Get involved with hiring. If someone is an asshole in the interview or has an asshole reputation, that person will be an asshole in your workplace. Don’t hire that person, no matter how prestigious. As Sutton writes, ” … negative interactions had a fivefold stronger effect on mood than positive interactions–so nasty people pack a lot more wallop than their more civilized counterparts.” Even if it means extra work for you to be involved with hiring, the results will be worth it.

Assholes breed assholes. Once you hire an asshole, other people in your workplace will act like assholes at worst or slackers at best to protect themselves. The asshole will also try to hire people who are similar to him- or herself. They know their behavior is wrong, so having more assholes in the workplace is insurance. Keep them off hiring committees. Sutton describes this situation in memorable fashion: “Assholes tend to stick together, and once stuck are not easily separated.”

More after the jump! Caricature of Boss Tweed by Thomas Nast from the 1870s. Image from Wikimedia Commons, public domain.

Reading the No Asshole Rule So You Don’t Have To: Evading the Asshole

Posted in Surviving Grad School,Transfer Your Skills by Caroline Roberts on October 27, 2010
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Image Source,Photobucket Uploader Firefox ExtensionSo you’re stuck with an asshole in the workplace. The best advice for dealing with a workplace asshole is to quit and work elsewhere. For advice on that, check out Post Academic’s tips for getting another job while you’re working for an asshole. If you really are stuck, Bob Sutton’s “The No Asshole Rule” has superb advice for coping:

Stay emotionally detached. Yeah, like that’s easy when someone is calling you names and humiliating you in front of others. However, setting up a wall between your job and your personality is a crucial skill. That way, when you go home, you’re still you, and the asshole can’t take that. Also, by staying detached, you’re less likely to give the asshole the reaction that she wants, which means she is more likely to leave you alone.

Stop working so hard. Do the base amount that you have to do, but don’t go the extra mile until the asshole shows you some respect. Sutton writes, “When your job feels like a prolonged personal insult, focus on just going through the motions, on caring as little as possible about the jerks around you, and think about something more pleasant as often as you can–just get through each day until something changes at your job or something better comes along.”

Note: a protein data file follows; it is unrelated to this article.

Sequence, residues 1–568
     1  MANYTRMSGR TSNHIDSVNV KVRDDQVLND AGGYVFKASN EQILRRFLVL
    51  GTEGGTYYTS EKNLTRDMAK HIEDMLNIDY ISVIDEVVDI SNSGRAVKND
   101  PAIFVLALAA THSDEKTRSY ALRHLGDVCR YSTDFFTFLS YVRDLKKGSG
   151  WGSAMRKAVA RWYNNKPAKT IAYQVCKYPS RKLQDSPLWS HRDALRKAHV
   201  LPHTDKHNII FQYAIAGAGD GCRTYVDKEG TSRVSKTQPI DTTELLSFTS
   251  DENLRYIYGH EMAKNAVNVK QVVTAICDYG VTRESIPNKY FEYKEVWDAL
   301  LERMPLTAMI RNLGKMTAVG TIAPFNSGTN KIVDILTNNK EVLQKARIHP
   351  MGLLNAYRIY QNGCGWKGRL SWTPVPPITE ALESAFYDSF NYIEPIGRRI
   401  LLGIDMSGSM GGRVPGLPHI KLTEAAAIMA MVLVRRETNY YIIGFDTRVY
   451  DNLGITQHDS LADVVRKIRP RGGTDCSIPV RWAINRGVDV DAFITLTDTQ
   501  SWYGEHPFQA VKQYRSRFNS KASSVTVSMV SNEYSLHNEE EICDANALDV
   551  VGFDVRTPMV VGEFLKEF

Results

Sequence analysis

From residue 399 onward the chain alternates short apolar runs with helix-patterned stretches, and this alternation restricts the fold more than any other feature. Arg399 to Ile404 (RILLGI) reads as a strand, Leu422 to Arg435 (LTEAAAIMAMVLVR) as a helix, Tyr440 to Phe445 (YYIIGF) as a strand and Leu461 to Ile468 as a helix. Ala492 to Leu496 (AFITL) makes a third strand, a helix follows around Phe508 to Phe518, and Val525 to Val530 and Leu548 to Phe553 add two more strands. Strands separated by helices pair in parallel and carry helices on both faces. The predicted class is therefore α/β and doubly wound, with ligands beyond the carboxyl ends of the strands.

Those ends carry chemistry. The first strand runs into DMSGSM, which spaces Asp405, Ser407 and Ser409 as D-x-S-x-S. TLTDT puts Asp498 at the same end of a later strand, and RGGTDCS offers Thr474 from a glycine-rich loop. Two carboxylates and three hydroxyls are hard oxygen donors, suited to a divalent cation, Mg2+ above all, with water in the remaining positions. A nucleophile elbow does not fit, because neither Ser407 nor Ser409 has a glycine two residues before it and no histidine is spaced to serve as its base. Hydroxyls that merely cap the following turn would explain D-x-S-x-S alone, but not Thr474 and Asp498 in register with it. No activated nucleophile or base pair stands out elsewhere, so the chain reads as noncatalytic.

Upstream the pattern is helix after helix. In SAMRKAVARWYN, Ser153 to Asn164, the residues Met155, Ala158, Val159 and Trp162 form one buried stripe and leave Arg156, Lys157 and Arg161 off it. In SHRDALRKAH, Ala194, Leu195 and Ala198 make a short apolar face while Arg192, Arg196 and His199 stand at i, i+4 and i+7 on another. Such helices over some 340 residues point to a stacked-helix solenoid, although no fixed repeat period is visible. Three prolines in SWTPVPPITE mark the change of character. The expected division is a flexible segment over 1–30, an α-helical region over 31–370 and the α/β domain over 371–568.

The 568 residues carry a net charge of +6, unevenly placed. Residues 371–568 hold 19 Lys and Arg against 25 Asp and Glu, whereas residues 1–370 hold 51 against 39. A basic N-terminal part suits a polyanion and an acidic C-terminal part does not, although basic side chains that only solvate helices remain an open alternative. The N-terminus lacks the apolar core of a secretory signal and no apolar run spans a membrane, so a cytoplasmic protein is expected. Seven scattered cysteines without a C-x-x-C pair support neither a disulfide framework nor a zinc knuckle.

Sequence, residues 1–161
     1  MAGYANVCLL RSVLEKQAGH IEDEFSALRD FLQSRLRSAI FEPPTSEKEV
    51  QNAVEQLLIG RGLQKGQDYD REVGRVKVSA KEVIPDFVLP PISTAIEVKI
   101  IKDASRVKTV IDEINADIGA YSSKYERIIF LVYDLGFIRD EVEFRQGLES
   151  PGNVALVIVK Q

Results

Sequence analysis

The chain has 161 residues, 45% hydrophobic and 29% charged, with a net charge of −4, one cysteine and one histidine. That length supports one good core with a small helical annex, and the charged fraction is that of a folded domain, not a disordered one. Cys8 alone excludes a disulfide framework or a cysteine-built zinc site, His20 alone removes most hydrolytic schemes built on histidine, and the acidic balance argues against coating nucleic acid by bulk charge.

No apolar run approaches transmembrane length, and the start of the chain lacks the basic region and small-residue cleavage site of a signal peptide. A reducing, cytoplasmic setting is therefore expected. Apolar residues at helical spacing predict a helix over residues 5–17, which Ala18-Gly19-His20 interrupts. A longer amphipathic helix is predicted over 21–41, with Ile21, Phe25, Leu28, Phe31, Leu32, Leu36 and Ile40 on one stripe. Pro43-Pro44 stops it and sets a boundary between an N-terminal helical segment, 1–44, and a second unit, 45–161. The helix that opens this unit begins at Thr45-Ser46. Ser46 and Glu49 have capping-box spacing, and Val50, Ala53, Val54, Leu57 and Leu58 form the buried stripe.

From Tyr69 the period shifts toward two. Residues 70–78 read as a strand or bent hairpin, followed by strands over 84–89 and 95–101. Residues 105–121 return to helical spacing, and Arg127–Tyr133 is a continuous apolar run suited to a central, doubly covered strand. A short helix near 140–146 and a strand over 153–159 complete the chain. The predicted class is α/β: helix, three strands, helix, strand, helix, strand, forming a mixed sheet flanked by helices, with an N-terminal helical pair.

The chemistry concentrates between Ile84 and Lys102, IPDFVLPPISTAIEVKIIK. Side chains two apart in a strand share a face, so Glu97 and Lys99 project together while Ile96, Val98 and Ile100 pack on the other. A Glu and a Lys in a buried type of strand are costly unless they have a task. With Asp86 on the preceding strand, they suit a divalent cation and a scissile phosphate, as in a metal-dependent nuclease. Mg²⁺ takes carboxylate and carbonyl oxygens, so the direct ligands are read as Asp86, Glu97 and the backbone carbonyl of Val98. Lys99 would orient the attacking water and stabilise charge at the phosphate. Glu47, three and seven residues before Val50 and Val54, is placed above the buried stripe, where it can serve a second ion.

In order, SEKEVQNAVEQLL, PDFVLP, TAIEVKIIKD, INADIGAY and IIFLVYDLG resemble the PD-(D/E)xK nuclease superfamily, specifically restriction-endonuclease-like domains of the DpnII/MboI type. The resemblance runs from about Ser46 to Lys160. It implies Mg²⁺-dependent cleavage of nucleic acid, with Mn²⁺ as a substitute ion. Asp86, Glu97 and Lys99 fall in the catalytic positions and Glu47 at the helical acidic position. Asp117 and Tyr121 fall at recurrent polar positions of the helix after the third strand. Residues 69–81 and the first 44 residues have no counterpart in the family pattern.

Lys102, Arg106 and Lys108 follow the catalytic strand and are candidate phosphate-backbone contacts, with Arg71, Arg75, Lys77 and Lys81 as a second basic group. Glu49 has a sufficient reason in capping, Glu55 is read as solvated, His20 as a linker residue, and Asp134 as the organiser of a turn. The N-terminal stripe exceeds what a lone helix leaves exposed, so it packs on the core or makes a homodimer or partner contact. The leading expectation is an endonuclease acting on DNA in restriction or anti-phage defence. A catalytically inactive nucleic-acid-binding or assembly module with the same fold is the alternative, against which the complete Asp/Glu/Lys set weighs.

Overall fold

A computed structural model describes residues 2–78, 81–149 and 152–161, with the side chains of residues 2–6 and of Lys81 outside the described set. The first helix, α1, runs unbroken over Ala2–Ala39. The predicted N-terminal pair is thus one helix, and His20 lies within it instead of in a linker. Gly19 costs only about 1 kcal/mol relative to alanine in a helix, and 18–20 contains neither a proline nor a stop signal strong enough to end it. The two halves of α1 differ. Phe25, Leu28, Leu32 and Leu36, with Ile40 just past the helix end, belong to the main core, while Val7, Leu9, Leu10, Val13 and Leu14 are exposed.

More after the jump! Caricature of Boss Croker by John S. Pughe from Puck, 1901. Image from Wikimedia Commons, public domain.

Reading the No Asshole Rule So You Don’t Have To: “Petty But Relentless Nastiness” — The Academia Angle

Posted in Surviving Grad School,Transfer Your Skills by Caroline Roberts on October 25, 2010
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Image Source,Photobucket Uploader Firefox ExtensionBob Sutton’s “The No Asshole Rule: Building a Civilized Workplace and Surviving One That Isn’t” is perhaps the best workplace survival guide one can have. It could be reprinted repackaged as “The Worst-Case Survival Guide for the Office” and sold at Urban Outfitters. Everyone could use this book, grad students and academics in particular.

In fact, Sutton leads with a two stories about his own experience academia, one good and one bad. First, the good: “Our small department was a remarkably supportive and collegial place to work, especially compared to the petty but relentless nastiness that pervades much of academic life.” Yet his tale doesn’t follow the usual path of a department hiring a star who also happens to be a raging asshole. No. Instead, the department rejects the star in favor of someone who is a decent person. That is heroic.

And then Sutton continues with the bad story. He describes the time he won a best-teacher award. The students applauded him, and enter the asshole, who declares, “Well, Bob, now that you have satisfied the babies here on campus, perhaps you can settle down and do some real work.”

What an asshole. So, why is it that academia has such a reputation for being rife with assholes?

More after the jump! Image by foundphotoslj from Wikimedia Commons under a Creative Commons license.